Which is Really Better, Poker or Blackjack?

It’s a common argument in the world of gambling – which is the ‘better’ game, poker or blackjack? At the risk of copping out a bit, the answer largely depends on what you’re looking for – are you hoping for drama or cold, hard cash? Which do you value more – the chance of a massive payday or closely calculable odds with a smaller pay out? Do you prefer a game you can win at with cold, predictable logic, or do you prefer the excitement of a tense psychological battle? Let’s dive in to each game and see.

Doyle Brunson, in his classic text on card play, Super System, discusses the difference between blackjack and poker: “You can beat a blackjack game by knowing what to do in every situation… and doing it. That’s tactics. But in poker you face an identical situation twice against the same opponent, handle it two different ways, and be right both times. That’s strategy,” he says.

There’s a key difference in play that leads to this important distinction – in poker you’re playing against other players, whereas in blackjack you’re only playing against the house.

In poker, if you want to win (and who on Earth doesn’t?) you can deploy all sorts of strategies and approaches, starting with whether to opt for an exploitative poker play style or a GTO poker (Game Theory Optimal) style. In Blackjack the winning strategy is clear – learn to count cards, as the hit film 21 displayed.



As Colin Jones, one of the card counting pros behind Blackjack Apprenticeship and star of Holy Rollers: The True Story of Card Counting Christians notes, “Beating poker is primarily dependent on your ability to extract more money out of your competition than they will extract from you. It does not matter how good of a poker player you are if the other players at the table are better than you. Conversely, you don’t have to be all that great at poker if you consistently find poorer players to give you action. When you are playing blackjack, you are solely playing against the house.”

The fact that you’re not facing the variability of other players in Blackjack means that once you have a certain level of competency, you can up the amount you’re gambling with and still get broadly predictable results.

Jones goes on to add that, “You can absolutely scale your poker play, but it’s not as linear, nor is risk as measurable. As I pointed out above, you must always be aware of the skill level of the field in poker. To be honest, I’m perfectly comfortable betting thousands of dollars a hand at blackjack because I know that if I do the same thing at a high limit game as I would at a lower limit game, the math will work out the same, just with a higher return.”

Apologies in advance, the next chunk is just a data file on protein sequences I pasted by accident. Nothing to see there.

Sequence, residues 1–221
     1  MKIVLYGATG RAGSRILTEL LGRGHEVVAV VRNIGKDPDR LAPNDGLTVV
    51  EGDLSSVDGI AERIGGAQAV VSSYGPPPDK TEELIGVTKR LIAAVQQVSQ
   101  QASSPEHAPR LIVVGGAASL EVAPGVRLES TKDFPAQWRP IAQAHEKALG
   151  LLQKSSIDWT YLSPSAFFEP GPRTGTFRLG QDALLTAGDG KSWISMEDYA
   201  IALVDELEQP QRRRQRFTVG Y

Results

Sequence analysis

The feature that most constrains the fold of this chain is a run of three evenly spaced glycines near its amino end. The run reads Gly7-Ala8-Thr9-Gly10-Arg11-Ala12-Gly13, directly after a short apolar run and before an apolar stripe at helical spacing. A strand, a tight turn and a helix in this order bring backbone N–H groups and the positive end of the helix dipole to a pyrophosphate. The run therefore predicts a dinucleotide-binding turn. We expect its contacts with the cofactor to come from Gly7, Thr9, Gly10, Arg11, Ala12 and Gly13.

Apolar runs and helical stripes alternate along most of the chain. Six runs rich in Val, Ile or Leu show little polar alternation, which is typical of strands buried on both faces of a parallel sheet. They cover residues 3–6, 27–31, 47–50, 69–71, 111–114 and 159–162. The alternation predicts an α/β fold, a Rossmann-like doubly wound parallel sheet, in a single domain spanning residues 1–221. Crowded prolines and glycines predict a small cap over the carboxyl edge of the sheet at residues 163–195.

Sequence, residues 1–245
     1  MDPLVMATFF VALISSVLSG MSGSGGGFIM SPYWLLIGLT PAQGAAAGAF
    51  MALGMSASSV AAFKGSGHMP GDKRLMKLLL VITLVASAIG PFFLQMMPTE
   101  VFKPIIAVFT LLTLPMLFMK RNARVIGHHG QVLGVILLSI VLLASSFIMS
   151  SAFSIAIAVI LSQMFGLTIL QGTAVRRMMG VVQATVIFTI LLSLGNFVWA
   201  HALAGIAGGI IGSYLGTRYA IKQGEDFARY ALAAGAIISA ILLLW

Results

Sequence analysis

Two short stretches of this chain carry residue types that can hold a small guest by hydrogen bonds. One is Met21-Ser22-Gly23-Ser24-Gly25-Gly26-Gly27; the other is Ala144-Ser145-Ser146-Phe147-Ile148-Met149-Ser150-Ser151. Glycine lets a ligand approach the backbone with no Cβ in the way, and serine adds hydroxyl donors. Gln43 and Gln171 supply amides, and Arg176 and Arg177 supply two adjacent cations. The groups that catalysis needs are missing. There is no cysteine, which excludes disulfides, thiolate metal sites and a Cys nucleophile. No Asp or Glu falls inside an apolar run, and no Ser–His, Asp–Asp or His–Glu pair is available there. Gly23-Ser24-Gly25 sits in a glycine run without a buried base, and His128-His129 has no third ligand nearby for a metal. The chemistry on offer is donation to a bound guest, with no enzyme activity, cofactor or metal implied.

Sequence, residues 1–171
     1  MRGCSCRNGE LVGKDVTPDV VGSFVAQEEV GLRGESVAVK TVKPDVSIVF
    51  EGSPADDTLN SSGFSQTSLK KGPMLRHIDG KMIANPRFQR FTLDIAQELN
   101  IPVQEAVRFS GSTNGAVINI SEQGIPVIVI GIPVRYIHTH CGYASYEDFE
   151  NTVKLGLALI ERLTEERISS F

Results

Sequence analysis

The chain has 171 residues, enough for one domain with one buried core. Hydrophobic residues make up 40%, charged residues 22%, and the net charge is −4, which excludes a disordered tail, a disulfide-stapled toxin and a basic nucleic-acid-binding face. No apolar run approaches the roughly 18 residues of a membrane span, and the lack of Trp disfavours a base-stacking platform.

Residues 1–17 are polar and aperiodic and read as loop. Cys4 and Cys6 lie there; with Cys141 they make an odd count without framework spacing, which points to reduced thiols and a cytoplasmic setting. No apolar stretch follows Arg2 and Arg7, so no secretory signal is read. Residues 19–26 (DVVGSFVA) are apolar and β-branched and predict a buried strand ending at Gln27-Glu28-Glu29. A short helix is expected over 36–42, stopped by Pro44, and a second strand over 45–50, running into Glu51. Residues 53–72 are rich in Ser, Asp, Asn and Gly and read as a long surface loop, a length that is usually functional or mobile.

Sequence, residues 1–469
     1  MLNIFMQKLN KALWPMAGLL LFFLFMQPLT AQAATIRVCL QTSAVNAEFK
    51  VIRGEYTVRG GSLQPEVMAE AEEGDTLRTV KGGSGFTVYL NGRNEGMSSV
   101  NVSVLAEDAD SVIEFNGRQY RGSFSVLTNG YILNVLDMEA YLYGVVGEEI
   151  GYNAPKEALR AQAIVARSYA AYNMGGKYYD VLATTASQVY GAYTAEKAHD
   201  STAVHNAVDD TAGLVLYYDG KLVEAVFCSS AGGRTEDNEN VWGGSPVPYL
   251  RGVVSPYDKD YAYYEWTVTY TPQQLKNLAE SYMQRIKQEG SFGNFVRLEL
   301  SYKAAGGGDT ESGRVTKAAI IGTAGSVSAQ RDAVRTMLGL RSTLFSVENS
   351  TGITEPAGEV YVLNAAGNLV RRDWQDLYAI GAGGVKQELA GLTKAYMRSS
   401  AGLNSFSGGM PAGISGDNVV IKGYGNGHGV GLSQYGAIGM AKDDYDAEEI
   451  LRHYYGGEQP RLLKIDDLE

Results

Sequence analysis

It also means that you can look back at the decisions you made in Blackjack and know whether you made the right decision or not, regardless of whether you won the hand in question. Because card counting is based on very concrete rules, you don’t have to second guess all the additional variables that you do in poker.

The consequence of there being such a definitive way to play blackjack, however, is that you are always playing against a house edge of around 0.5 to two per cent, which means that even if you patiently count cards, your winnings will be limited.

Furthermore, once the casino figures out you’re going to keep winning, you face being told to leave. In poker the house invites competition because you’re playing against other gamblers and the house is taking a cut from every pot, but in blackjack they only want suckers who are going to keep losing at the table.




Poker, meanwhile, is a game of grand strategy. As we’ve already discussed, the outcome of a game of blackjack is dictated largely by the maths surrounding the cards in the deck. Yes, that’s an element of poker. You need to know, for example, that the best opening hand going into a pot is probably going to be the best hand at the end of the pot, too. Knowing your cards is an essential aspect of any game of poker, but it’s one among several.

There’s also risk assessment. When you’re making the call about whether to raise or fold, you need to know whether your cards are worth the amount of money that will be in the pot.  As the game moves along, will your winning hands win out over your losing hands, based on how much money is in the pot?

The other really big element of a game of poker is psychology.

It’s not just about card playing skills, it’s also about understanding human behaviour and having mastery of your own.


If you’ve determined that the pot odds are against you, will you have the self-control to fold?

Will you control your own behaviour so well that you’ll be devising false tells to throw your opponents off track?

Can you read the other players in the room, even when they might be deliberately trying to throw you off track with false tells of their own?

That’s before you even get into the aforementioned meta gaming of exploitative versus GTO play. In exploitative play you act in a way that maximizes your expected value in any situation by making the right moves to counter your opponents’ weaker tendencies and sub-optimal plays.


With a GTO playing style you basically attempt to play perfect poker yourself, so you only allow your opponents to make mistakes against you. It incorporates mixing bluffs and semi-bluffs with your value bets and can help clarify bet sizes.

Bringing these elements into play elevates the level of strategy yet again.

All of the above blends together to make poker a much deeper, richer and more tense game than blackjack, and the lack of a house edge means that you can win (or lose) big based on your own level of skill. For us, that certainly gives it the edge, but for a certain type of player blackjack will always be their game of choice.